ballot questions

Pa.'s Top Emergency Official Asks Voters to Reject Ballot Questions Related to Disasters

The head of Democratic Gov. Tom Wolf's Emergency Management Agency said two ballot questions for voters in the May 18 election could affect the state's ability to "rapidly" respond to crises. Republican lawmakers put forth the referendums to wrest away control from the executive branch.

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What to Know

  • The pandemic power struggle that's raged between Pennsylvania’s Democratic governor and its Republican-led Legislature over the year plus of COVID-19 will land on voters’ laps on May 18.
  • It's taking the form of two proposed constitutional amendments to limit the length of disaster emergencies.
  • Even if you're not registered with a political party, you can cast a vote on the ballot questions.

The head of the Pennsylvania Emergency Management Agency on Thursday said two ballot questions for voters to consider in the May 18 election could have a "detrimental impact on the state's ability to respond to future disasters and emergencies."

PEMA Director Randy Padfield asked voters to cast a "no" for both of the questions. All registered voters in Pennsylvania, regardless of political party affiliation, are able to vote on the ballot questions on Election Day.

Padfield's public plea is the latest salvo in a back-and-forth battle between Democratic Gov. Tom Wolf's administration and the Republican-controlled legislature.

The two ballot questions would amend the state constitution to shift authority over the length of emergency declarations from governors to lawmakers.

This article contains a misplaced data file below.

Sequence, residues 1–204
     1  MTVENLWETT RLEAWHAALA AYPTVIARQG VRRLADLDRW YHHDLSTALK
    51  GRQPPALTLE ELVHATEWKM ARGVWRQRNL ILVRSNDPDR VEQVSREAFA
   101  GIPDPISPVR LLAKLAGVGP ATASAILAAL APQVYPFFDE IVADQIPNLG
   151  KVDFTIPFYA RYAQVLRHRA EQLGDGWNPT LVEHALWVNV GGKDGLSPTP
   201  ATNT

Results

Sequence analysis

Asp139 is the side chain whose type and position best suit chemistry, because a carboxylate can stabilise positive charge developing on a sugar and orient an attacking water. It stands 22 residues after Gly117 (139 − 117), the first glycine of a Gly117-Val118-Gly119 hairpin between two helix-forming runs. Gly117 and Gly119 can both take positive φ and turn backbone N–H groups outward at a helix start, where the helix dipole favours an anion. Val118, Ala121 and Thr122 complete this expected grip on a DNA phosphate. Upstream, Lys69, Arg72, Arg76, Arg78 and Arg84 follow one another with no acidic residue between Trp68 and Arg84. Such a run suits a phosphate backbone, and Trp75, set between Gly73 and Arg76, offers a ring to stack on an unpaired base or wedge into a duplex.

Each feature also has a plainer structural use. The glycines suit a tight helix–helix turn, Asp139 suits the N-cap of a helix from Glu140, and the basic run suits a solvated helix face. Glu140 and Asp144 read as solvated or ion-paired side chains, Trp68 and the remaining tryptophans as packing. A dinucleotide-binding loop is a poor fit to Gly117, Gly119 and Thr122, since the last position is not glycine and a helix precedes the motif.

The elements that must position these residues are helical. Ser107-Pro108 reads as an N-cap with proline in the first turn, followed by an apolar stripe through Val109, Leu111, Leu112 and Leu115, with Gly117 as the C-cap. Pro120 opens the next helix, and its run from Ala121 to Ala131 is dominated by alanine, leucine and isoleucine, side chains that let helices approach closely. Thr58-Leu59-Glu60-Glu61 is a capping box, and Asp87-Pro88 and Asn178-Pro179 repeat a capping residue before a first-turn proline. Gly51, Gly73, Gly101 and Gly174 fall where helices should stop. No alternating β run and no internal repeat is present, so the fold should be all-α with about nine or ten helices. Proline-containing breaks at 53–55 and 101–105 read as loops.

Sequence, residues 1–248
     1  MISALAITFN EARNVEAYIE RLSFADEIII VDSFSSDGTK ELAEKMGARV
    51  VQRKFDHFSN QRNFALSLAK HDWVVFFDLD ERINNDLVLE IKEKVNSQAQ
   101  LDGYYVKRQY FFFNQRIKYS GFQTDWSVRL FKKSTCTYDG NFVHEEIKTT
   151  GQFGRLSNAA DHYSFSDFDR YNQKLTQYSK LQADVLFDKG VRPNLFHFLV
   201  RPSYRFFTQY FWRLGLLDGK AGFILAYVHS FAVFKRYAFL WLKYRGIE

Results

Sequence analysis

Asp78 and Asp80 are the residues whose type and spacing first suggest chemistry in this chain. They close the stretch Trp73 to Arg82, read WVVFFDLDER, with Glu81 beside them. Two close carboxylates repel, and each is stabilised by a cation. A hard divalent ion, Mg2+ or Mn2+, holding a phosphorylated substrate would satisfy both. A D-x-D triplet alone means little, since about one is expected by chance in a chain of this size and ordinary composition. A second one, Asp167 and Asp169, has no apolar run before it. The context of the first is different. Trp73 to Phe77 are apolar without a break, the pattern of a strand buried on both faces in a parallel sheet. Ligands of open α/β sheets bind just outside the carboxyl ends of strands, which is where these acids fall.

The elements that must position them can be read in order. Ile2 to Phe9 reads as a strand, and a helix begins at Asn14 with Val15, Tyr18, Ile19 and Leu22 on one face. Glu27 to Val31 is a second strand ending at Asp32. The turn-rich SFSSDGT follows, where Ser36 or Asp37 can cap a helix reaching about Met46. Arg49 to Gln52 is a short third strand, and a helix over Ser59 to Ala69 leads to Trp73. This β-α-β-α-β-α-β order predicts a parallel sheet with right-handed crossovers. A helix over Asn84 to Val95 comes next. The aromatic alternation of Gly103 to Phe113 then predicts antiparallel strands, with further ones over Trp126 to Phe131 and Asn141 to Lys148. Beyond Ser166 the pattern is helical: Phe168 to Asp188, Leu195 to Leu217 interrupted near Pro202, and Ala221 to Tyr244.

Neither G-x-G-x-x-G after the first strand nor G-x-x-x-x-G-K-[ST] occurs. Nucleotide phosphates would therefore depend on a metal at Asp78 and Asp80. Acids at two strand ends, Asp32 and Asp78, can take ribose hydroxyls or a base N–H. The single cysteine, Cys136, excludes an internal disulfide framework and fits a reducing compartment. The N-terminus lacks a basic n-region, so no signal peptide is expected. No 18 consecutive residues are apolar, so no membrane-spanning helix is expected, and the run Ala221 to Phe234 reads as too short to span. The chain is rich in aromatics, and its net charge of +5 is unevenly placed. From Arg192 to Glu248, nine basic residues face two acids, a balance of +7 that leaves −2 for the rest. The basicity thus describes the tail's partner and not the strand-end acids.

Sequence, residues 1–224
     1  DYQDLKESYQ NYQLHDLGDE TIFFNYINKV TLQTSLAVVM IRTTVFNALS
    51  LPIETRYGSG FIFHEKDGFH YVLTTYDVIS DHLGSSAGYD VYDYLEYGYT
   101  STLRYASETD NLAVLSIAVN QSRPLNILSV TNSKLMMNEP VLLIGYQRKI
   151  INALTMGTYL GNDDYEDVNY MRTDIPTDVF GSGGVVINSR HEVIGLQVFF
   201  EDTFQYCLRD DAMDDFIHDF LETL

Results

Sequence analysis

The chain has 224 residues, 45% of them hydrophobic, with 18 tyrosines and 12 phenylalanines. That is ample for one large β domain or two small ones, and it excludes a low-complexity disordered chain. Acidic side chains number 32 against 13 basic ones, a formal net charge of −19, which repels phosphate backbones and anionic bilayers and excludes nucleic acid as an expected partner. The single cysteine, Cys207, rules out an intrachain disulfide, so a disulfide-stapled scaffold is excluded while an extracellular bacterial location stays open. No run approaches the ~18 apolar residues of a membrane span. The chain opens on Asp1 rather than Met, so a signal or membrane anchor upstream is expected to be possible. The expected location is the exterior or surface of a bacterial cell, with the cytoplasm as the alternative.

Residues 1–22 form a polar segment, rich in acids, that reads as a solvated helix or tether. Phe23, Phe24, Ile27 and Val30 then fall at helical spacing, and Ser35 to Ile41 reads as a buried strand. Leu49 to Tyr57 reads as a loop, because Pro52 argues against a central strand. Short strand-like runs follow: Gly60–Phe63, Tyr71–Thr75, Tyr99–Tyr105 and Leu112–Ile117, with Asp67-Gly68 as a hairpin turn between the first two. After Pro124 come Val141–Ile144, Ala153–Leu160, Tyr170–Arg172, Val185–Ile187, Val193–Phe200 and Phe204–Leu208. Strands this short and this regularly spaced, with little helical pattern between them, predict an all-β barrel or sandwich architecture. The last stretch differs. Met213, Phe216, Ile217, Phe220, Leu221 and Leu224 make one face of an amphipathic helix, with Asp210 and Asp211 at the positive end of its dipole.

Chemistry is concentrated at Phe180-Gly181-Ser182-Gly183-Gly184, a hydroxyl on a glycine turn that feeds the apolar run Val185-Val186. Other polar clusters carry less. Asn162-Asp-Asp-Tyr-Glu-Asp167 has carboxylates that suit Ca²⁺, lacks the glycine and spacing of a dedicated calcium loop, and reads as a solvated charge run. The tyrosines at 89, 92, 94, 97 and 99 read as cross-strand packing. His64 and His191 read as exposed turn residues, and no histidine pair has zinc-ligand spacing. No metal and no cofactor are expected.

The feud between the Democrat-run executive branch and the Republican leadership in the General Assembly began in the midst of the COVID-19 pandemic last year. The political bickering is over the governor's use of the emergency declaration to restrict and shut down businesses, order citizens to adhere to health mandates and put moratoriums on foreclosures and evictions for months.

"An emergency declaration is meant to give the executive branch the power to triage a crisis, not a vehicle for the governor to enact, amend and suspend laws and regulations for an excessive period of time," Senate GOP caucus spokeswoman Erica Clayton Wright said last month.

Padfield, during his press conference, said voters should not weigh the ballot questions with just the coronavirus pandemic in mind.

"The impact of these amendments should not be viewed solely through the context of the COVID-19 pandemic, as they have far-reaching impacts for all future disasters regardless of the cause," he said.

He said that executive oversight of emergency powers is "key to respond rapidly" after a disaster or crisis occurs.

Republican lawmakers have also accused Wolf's administration of purposely writing the questions with wording designed to scare voters into rejecting them. But that is not something that happens much, if at all.

A majority of Pennsylvania voters have not rejected a ballot question in decades, according to Ballotpedia. Between 1995 and 2019, 17 of 17 ballot questions have been approved by voters, according to the online election portal.

If you’re voting by mail in Pennsylvania, there are a few steps you need to make sure you complete to properly fill out your ballot. Here’s a step-by-step guide to make sure your vote will be counted.